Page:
Humans may not be the first life forms on Earth to evolve love and language. Researchers recently discovered an abundance of rare neurons in several ocean mammals’ brains thought to exist only in primates.
Fin, humpback and killer whales (species of dolphin), contain spindle cells. Growing evidence indicates these specialized neurons are integral for self-awareness, empathy, love, suffering, language and judgment in humans. Early estimates reveal whales have three times the number of spindles as people, who boast the most of all primates. The cells act as electrical shortcuts allowing gut reactions.
Whales and dolphins display human behavior, like forming family groups. Individuals even have names. Adult male humpbacks, recently thought to be solitary drifters, often join others. Decades later, some best buds remain together and even sing with identical signatures, capable of communicating through 1,000 kilometers of ocean, 10 times the distance to space.
Peter Tyack of Woods Hole Oceanographic Institute has said, "Humpback song is a form of animal culture, just like music for humans would be." Popular songs change over time, while original songs are important to a female's choice in mates.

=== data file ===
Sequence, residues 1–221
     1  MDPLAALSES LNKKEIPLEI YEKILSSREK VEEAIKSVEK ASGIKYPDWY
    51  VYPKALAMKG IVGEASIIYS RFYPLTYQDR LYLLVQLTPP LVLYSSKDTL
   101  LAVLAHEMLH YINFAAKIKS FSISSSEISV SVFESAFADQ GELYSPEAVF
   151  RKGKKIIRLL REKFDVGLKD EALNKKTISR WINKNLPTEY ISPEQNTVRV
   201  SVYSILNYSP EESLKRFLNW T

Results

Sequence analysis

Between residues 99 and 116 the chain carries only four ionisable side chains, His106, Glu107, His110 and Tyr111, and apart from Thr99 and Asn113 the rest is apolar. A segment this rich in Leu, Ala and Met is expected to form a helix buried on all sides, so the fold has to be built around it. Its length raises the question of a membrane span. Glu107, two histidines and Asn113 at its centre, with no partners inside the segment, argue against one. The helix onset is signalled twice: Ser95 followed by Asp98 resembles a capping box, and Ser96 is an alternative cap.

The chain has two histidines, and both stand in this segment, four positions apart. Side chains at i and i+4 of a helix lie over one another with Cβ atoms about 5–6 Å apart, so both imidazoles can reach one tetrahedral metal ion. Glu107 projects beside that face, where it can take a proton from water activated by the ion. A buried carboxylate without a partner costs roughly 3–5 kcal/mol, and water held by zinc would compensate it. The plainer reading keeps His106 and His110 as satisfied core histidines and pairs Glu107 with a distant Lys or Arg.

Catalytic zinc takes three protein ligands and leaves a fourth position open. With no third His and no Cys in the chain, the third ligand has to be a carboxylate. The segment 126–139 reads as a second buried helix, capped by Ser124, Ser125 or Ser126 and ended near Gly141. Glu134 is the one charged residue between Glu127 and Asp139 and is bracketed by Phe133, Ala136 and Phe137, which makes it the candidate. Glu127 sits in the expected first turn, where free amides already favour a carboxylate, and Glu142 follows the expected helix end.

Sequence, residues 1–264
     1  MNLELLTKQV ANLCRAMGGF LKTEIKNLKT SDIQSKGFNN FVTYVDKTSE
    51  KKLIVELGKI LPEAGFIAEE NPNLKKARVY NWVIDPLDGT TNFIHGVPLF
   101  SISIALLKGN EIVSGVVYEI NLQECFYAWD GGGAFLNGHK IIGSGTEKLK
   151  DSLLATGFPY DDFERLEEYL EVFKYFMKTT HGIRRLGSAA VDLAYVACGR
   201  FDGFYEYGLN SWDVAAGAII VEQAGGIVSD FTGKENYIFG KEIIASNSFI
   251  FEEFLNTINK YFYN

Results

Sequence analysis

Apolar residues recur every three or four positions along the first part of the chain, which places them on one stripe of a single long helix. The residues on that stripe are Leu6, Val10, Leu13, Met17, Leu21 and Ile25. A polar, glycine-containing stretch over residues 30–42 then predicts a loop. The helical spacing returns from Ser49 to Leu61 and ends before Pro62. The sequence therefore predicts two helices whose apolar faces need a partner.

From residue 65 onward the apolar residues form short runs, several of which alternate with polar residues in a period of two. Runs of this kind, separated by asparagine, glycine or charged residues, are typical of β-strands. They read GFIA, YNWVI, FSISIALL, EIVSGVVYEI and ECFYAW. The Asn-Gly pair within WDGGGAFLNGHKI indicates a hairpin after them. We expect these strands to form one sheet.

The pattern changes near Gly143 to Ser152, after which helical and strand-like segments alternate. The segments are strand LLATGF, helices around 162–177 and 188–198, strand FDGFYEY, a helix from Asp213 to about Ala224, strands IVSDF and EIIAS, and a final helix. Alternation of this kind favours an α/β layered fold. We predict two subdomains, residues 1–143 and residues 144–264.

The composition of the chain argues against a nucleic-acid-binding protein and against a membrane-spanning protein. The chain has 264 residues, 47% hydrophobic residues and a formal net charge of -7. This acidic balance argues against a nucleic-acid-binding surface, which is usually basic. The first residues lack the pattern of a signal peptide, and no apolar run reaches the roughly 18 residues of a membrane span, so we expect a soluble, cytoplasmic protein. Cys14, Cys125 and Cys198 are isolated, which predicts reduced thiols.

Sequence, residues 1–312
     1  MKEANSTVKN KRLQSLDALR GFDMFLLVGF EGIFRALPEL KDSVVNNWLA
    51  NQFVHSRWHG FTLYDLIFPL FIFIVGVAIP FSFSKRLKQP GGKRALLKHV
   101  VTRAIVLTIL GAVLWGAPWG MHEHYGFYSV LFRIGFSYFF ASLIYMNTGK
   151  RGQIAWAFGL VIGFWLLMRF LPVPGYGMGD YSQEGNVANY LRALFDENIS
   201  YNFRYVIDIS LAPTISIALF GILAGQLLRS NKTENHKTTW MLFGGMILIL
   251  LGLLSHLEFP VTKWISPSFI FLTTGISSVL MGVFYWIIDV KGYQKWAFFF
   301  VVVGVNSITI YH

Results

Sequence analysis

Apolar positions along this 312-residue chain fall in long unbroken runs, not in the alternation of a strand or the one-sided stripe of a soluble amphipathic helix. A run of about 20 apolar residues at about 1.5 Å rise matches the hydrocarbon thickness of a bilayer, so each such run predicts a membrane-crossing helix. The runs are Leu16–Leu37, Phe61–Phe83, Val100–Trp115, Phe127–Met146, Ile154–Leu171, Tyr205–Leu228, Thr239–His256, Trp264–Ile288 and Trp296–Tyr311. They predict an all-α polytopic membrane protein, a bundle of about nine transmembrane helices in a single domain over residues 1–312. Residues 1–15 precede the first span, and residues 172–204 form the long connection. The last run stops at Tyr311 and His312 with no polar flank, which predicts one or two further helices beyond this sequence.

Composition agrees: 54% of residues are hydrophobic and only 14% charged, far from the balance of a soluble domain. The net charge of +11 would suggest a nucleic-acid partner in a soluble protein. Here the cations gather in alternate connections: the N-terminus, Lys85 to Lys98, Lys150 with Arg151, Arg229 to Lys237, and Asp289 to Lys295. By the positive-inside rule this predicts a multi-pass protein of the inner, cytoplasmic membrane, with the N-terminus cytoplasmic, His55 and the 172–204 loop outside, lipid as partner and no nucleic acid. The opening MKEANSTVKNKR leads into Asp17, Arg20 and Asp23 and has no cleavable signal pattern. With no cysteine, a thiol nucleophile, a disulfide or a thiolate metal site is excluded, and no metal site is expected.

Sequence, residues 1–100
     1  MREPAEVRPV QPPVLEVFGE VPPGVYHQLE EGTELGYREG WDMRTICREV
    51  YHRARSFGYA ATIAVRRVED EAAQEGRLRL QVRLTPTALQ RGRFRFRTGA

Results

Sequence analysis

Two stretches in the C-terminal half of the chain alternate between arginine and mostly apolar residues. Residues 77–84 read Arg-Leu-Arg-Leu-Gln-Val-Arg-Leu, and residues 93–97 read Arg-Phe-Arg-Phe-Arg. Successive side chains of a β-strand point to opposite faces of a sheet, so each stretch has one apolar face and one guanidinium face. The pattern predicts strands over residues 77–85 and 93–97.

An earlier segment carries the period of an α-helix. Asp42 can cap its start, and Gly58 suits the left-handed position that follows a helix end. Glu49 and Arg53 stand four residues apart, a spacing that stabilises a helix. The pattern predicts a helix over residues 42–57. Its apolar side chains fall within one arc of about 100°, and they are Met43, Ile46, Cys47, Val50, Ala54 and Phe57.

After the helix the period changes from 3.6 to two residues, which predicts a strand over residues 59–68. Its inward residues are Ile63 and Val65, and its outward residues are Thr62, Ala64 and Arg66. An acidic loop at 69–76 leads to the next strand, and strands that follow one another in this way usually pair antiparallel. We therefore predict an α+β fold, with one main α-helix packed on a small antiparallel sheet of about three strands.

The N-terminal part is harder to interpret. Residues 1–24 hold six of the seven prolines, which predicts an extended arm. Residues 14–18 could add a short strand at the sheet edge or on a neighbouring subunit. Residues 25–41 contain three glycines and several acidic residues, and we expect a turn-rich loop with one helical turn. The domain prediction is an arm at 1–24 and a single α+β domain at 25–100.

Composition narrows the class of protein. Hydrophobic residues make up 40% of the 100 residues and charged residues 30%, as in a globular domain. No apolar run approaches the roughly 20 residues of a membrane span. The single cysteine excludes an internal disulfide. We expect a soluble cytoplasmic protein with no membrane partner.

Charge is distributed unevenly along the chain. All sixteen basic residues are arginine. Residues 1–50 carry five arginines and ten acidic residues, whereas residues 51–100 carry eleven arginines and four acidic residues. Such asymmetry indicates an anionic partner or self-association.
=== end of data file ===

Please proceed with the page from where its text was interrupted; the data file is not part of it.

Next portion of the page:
Captive bottlenose dolphins show awareness through self-recognition in mirrors and check themselves out daily, some as early as the age of 6 months. Human toddlers realize mirrors show their reflection around 18 months.
Mysteries of the ocean unravel each year. In 2007, part of a bomb used to hunt whales in the 1880s was found lodged in the shoulder of a dead bowhead. Eye samples of bowhead whales revealed many individuals in their mid-hundreds, one as old as 240 greatly surpassing humans as the oldest living mammal. This means right now, the oceans contain self-aware animals that have been swimming since Thomas Jefferson was president.
Whales have evolved twice as long as primates and contain spindle cells in parts of the brain not found in people. These discoveries indicate Earth's first self-aware life form was not a person, but a whale. Love and language, previously thought to be uniquely human, likely unfolded beneath ocean waves 15 million years before primates. The oceans are not what they seem.
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